Adversarial system

What court system is better: adversarial or inquisitorial? It is, indeed, a very good question. Most of the countries in the world use inquisitorial court system; Others, USA for example, use adversarial system. Both are great but personally I think that inquisitorial court system is better. It over goes the adversarial court system because it actually relies on true facts and witnesses rather than victims words and lawyers. As stated above the court system in the United States is an example of one that is adversarial. In an adversarial system, there are generally three distinct parties in criminal and civil matters.

There are the two opposing sides, in which one is often the accused and the other is the accuser. Then there is the decision maker, who is generally a judge or jury. Under the modern system, legal proceedings usually involve the opposing parties approaching matters in a competitive way. Each of the adversaries is given an opportunity to present arguments and evidence that supports its claims. The adversaries are generally also given the opportunity to question one another which is the main difference between two court systems.

In inquisitorial court system the judge conducting the trial, determines what questions to ask and defines the scope of the case under a highly structured and rigid code of rules. Witnesses are heard, and the accused, who is represented by counsel, may also be heard, though he is not required to speak and, if he does, he is not put under oath. In Germany, for example, the prosecution participates in the investigation; while in France the prosecution presents its recommendations only at the end of the hearing.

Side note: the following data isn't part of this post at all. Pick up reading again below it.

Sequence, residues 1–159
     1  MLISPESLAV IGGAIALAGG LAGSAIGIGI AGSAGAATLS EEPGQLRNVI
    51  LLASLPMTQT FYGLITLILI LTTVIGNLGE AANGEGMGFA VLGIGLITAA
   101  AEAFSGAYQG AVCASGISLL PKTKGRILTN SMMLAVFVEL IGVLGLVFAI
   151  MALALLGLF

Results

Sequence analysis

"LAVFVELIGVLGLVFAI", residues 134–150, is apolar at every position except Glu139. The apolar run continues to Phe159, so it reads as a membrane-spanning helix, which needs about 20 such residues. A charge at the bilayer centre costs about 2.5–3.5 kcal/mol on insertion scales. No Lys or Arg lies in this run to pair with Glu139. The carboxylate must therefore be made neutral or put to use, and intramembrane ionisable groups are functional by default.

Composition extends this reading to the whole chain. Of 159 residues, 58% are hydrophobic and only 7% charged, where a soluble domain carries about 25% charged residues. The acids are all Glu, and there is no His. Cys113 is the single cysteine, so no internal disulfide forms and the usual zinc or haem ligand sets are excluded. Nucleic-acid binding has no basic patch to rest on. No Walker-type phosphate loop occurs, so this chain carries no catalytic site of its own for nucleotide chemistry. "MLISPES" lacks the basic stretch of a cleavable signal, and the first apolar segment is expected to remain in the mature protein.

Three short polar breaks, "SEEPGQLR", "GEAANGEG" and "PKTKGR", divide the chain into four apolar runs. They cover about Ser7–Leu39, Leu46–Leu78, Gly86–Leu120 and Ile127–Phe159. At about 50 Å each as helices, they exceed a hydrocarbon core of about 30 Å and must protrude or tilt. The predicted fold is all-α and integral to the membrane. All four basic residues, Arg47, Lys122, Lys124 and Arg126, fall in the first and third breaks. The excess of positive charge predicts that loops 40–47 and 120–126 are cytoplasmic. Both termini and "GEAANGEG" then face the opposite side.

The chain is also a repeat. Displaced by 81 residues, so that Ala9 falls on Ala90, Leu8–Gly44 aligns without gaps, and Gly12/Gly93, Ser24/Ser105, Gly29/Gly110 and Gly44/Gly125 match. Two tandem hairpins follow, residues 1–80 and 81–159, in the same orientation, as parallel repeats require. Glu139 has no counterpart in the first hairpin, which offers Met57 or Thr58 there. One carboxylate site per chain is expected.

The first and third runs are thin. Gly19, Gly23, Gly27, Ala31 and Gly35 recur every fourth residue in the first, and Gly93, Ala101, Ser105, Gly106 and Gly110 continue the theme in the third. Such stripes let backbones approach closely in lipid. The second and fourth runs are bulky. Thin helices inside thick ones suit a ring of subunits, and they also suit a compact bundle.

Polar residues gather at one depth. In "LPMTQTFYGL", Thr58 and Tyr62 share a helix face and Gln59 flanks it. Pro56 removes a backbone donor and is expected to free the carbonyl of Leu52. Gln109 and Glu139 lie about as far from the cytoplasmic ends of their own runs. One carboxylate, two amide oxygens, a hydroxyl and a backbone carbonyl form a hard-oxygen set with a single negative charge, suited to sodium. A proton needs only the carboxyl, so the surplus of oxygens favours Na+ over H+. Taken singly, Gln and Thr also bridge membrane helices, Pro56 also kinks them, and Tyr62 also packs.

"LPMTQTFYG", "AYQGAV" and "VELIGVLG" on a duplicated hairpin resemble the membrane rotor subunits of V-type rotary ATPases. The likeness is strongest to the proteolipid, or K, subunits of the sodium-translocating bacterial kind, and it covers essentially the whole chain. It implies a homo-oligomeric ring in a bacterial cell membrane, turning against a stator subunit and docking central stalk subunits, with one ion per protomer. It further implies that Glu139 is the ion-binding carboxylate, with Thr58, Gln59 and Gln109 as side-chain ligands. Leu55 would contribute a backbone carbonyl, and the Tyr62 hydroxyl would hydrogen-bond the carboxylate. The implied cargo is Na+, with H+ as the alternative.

In both France and Germany the investigating magistrate will recommend a trial only if he is sure that there is sufficient evidence of guilt. At the trial itself the judge, once more, assumes a direct role, conducting the examination of witnesses, often basing his questions on the material in the dossier. Neither the prosecution nor the defense has the right to cross-examine, but they can present effective summations which can later on be a game winner for that particular party. Personally I think that inquisitorial court system is a lot better but ,however, it does have disadvantages attached to it.

Those disadvantages are: first-the parties may feel at the mercy of the investigating judge; second-the parties are not able to call own experts which may help their case; third- there is greater reliance on written evidence; fourth and most important disadvantage is that the judge is aware of character reports and past records of each parties which affects the final call by a ton. Eventhough adversarial court system is useful in many ways, it is not being practiced in many countries,however inquisitorial one is.

If inquisitorial court system is not as good as adversarial system then why is it still being used in 86% of the world? The point is that inquisitorial system uses the judge/decision maker in order to come up with a statement/solution rather than relying on lawyers and both accuser and accused parties theories about the incident as it is being used in adversarial court system. As europeans like to say, “The judge is always right” and being part of that culture I can proudly say the same thing and in my eyes the inquisitorial court system is the best. Hands down.